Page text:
Tahini sauce or hummus, to serve
Store-bought pita breads, to serve (or try Sawsan’s fab recipe)
1 cup burghul (bulgur)
2½ cups boiling water
1 cup finely chopped flat-leaf parsley
3 roma (or vine-ripened) tomatoes, chopped
1 small red onion, very finely sliced
2 teaspoons pomegranate molasses (optional)
1 tablespoon tomato paste (tomato concentrate)

1 teaspoon harissa (North African chilli paste)
¼ cup (60ml) lemon juice
¼ cup (60ml) olive oil
Salt and freshly cracked black pepper

Have your butcher cut the lamb leg in half; or alternatively, take a very sharp knife and cut through the lamb leg on two sides until you hit the bone. Place lamb, water, leeks, onions, garlic cloves, carrots, celery, peppercorns, cinnamon sticks, bay leaves and parsley stalks in a large stock pot. Bring to the boil, reduce heat, and simmer gently, uncovered, for 2 hours.
Meanwhile, prepare the kisir. Place the burghul in a bowl and cover with boiling water. Allow to stand for about 1 hour, until water is absorbed. You can prepare the other ingredients while you wait. Sieve the burghul, pressing down to extract excess water. Place burghul in a large bowl and fluff up with a fork. Add remaining ingredients. Season and gently stir to combine. Set aside.
Remove lamb from stock (including any small pieces that have fallen away from the bone) and transfer to a large plate. Strain lamb stock with a colander into a large pan, and discard vegetables. Strain again with a fine sieve. Allow to cool, then refrigerate overnight. Skim and discard solid fat from top of stock.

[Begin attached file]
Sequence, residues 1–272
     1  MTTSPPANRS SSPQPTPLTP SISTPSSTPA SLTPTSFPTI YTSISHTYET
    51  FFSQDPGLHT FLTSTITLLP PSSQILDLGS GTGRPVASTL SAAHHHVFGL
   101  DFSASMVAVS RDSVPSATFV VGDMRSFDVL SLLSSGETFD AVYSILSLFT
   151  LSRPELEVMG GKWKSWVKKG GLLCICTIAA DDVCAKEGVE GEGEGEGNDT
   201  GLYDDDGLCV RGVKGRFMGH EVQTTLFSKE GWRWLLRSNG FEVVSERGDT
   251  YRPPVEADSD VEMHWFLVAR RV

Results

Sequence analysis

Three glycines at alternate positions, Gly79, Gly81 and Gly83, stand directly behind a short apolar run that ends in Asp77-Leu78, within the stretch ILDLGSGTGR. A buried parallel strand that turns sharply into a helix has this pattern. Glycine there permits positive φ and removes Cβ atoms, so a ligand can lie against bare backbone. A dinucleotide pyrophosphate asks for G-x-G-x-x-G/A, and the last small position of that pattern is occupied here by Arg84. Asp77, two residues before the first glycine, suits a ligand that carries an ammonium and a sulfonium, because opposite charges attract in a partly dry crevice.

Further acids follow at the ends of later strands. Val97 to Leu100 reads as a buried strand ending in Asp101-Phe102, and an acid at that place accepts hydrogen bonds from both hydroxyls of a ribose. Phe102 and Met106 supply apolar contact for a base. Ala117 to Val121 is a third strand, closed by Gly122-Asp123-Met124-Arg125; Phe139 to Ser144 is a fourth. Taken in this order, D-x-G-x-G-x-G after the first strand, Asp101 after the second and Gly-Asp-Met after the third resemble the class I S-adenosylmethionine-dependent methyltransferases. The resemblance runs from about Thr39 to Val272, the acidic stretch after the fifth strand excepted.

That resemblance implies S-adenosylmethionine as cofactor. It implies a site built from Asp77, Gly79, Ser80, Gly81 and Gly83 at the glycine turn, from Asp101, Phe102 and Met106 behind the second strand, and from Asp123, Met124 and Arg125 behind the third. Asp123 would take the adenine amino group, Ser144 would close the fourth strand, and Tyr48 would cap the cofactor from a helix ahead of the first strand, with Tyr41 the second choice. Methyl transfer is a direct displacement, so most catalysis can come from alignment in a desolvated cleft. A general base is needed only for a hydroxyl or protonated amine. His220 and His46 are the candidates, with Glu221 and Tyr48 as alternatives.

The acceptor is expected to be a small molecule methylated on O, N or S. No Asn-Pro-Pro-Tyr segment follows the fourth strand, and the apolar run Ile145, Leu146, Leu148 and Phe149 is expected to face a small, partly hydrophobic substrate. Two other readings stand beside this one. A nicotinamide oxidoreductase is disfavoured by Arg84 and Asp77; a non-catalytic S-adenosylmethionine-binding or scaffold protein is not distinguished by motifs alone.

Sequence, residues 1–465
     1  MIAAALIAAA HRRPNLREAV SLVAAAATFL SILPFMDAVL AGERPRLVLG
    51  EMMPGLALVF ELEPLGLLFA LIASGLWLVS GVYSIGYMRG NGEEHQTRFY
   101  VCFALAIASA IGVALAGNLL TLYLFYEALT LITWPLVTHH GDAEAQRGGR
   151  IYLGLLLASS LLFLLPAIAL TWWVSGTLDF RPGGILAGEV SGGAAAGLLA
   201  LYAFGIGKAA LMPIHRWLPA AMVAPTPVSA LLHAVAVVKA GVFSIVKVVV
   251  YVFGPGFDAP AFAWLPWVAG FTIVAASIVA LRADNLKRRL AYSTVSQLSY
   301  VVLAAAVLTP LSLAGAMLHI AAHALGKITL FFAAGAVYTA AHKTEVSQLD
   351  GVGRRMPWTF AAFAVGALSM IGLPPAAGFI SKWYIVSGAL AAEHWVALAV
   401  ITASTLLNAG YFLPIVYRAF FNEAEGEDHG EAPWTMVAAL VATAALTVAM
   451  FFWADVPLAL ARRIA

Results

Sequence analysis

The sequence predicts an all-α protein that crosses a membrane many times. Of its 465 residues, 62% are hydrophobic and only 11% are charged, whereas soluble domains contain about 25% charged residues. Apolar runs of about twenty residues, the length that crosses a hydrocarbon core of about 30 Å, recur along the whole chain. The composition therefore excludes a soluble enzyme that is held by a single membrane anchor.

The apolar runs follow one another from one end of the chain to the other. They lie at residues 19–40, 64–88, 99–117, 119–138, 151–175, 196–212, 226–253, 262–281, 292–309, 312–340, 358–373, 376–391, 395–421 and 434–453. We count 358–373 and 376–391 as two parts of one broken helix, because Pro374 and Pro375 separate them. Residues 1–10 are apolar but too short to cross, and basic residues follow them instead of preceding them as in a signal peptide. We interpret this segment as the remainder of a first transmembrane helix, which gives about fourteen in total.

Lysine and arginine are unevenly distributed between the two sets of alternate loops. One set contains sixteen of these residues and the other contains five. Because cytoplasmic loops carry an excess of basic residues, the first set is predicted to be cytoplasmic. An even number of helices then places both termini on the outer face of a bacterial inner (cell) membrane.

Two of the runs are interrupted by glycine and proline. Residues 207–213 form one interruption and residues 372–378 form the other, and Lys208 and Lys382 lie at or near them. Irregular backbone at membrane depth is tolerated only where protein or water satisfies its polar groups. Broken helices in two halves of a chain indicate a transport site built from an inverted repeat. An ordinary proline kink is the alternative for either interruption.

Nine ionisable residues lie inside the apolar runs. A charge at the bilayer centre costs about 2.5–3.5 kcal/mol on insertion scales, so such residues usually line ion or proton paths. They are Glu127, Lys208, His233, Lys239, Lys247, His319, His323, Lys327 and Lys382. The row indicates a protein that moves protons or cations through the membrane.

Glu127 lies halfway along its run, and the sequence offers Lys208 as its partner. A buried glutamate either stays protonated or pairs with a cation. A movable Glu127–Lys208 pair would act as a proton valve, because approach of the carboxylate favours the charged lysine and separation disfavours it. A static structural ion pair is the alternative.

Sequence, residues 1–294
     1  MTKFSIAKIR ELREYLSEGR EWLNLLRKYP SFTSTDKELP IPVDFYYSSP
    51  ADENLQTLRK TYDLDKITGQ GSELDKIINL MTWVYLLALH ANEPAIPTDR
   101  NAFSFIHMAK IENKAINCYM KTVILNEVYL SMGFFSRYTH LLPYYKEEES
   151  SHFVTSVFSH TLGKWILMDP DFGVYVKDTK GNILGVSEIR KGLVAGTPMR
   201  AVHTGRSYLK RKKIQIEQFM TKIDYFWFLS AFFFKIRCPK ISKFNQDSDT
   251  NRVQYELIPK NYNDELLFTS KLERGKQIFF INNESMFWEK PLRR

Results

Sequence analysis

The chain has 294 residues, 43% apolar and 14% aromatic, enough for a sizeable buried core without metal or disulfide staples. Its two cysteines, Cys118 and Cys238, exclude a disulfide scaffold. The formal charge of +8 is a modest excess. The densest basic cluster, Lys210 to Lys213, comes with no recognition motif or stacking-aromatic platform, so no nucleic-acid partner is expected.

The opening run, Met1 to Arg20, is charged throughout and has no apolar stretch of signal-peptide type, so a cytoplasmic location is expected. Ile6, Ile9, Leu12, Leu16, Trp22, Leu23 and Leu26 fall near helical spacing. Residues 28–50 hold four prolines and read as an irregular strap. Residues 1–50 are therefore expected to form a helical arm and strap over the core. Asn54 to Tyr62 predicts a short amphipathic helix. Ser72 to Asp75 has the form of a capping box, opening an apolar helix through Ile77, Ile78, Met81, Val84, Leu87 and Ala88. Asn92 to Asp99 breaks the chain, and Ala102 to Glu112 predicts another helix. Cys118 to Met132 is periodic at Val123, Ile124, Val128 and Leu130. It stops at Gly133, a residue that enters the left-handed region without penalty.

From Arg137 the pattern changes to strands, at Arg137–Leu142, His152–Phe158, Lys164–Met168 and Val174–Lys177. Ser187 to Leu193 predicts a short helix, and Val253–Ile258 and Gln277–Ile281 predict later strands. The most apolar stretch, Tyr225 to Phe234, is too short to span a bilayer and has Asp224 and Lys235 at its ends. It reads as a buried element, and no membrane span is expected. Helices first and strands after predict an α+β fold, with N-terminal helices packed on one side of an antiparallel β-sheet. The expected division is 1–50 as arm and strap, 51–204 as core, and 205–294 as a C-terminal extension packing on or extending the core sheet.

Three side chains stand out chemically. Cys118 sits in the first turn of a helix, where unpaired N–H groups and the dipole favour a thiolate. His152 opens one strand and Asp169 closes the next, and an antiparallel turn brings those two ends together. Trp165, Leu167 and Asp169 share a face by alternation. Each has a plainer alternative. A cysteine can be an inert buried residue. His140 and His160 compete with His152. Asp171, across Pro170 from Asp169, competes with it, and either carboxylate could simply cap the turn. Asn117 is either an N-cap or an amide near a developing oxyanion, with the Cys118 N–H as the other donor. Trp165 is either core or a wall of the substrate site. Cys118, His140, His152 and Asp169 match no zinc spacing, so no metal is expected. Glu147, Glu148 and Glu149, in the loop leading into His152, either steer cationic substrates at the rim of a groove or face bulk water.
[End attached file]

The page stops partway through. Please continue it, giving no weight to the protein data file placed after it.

♦ Reserve 7 cups lamb stock for the Lamb, fennel and barley soup.
Cut the lamb into chunks, discarding the bone, and shred the meat coarsely with two forks.
♦ Reserve approximately 2 cups of shredded lamb for the Lamb, fennel and barley soup.
Arrange remaining shredded lamb and pita breads on serving platters. Place tahini sauce (or hummus) and kisir in serving bowls; and allow everyone to help themselves.

  • To vary the kisir, add thinly sliced radishes or cucumber.
  • Pomegranate molasses and harissa (North African chilli paste) are available from specialist food stores, large supermarkets and Middle-Eastern grocers (such as Gourmet Grocer, A1-bakery, Simon Johnson, Essential Ingredient, Oasis bakery or Manakish).